68. The system of paragraph 64, wherein the at least two pressure sources include a first pressure source, a second pressure source, and a third pressure source.

69. The system of paragraph 68, wherein the first and second pressure sources are configured to drive fluid through at least four ports in the second configuration, and wherein the third pressure source is configured to drive fluid out of the tip from the channel network.

70. The system of paragraph 64, wherein the channel network includes a waste channel that extends from the examination region to a waste receptacle.

71. The system of paragraph 70, wherein the waste channel is operatively connected to a valve configured to close a flow path from the examination region to the waste receptacle.

72. The system of paragraph 71, further comprising a wash station configured to receive fluid from the channel network, and also comprising a peristaltic pump configured to drive fluid from the wash station to the waste receptacle.

73. The system of paragraph 64, further comprising a same fluid source operatively connected to at least two of the pressure sources such that each pressure source is capable of introducing fluid from the fluid source into the channel network.

74. The system of paragraph 73, wherein the fluid source includes a dilution fluid that is immiscible with water.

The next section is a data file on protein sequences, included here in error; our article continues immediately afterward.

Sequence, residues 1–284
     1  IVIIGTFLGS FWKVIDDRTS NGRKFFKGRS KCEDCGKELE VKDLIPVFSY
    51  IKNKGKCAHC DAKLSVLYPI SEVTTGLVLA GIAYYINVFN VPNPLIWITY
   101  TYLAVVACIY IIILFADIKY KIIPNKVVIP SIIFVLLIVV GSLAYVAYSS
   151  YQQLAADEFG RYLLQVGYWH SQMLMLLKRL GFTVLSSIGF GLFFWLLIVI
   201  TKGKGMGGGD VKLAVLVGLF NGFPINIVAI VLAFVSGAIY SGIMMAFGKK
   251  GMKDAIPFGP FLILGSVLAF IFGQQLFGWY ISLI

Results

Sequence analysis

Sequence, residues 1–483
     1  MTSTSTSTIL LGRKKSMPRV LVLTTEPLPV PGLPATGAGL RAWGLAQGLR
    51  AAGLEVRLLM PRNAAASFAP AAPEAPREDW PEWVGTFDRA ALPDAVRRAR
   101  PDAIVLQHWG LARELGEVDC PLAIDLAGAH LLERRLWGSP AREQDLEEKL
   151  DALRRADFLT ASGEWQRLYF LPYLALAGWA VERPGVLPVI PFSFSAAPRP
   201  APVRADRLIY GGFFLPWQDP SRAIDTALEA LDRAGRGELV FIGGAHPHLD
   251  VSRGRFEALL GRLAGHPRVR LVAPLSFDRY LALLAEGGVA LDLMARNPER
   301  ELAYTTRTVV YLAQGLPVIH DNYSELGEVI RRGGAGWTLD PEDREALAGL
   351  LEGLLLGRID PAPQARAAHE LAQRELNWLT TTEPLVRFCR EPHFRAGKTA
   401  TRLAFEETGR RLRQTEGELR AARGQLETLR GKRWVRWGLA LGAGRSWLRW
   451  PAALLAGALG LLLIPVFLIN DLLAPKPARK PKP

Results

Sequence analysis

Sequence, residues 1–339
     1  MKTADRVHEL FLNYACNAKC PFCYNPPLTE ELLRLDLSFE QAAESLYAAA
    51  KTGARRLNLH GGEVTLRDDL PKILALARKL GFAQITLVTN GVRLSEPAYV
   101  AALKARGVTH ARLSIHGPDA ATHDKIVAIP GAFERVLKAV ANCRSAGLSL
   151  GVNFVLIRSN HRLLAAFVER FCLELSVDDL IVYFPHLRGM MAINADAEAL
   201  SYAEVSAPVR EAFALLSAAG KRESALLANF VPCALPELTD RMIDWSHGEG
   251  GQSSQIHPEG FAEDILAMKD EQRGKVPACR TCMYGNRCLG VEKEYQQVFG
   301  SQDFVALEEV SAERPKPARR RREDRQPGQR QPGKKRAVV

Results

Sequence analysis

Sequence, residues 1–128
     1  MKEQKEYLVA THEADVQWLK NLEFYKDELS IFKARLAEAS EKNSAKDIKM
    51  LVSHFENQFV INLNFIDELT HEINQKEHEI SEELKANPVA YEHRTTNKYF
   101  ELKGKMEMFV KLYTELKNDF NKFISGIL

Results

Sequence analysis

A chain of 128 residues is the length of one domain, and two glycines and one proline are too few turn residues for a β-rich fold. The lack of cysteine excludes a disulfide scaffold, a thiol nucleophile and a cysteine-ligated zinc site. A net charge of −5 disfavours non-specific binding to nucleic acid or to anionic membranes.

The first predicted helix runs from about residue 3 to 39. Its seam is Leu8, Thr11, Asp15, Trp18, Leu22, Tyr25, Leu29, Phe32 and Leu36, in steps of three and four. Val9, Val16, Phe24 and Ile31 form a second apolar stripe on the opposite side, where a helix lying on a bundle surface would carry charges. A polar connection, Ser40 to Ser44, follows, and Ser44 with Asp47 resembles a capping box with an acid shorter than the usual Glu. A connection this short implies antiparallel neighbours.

75. The system of paragraph 64, further comprising a fluid source operatively connected to at least one of the pressure sources such that the at least one pressure source is capable of introducing fluid from the fluid source into the channel network, wherein the fluid from the fluid source is hydrophilic.

76. The system of paragraph 75, wherein the fluid from the fluid source is miscible with water.

77. The system of paragraph 64, further comprising a controller configured to process data related to droplets based on a signal received from the detector.

The disclosure set forth above may encompass multiple distinct inventions with independent utility. Although each of these inventions has been disclosed in its preferred form(s), the specific embodiments thereof as disclosed and illustrated herein are not to be considered in a limiting sense, because numerous variations are possible. The subject matter of the inventions includes all novel and nonobvious combinations and subcombinations of the various elements, features, functions, and/or properties disclosed herein. The following claims particularly point out certain combinations and subcombinations regarded as novel and nonobvious. Inventions embodied in other combinations and subcombinations of features, functions, elements, and/or properties may be claimed in applications claiming priority from this or a related application. Such claims, whether directed to a different invention or to the same invention, and whether broader, narrower, equal, or different in scope to the original claims, also are regarded as included within the subject matter of the inventions of the present disclosure.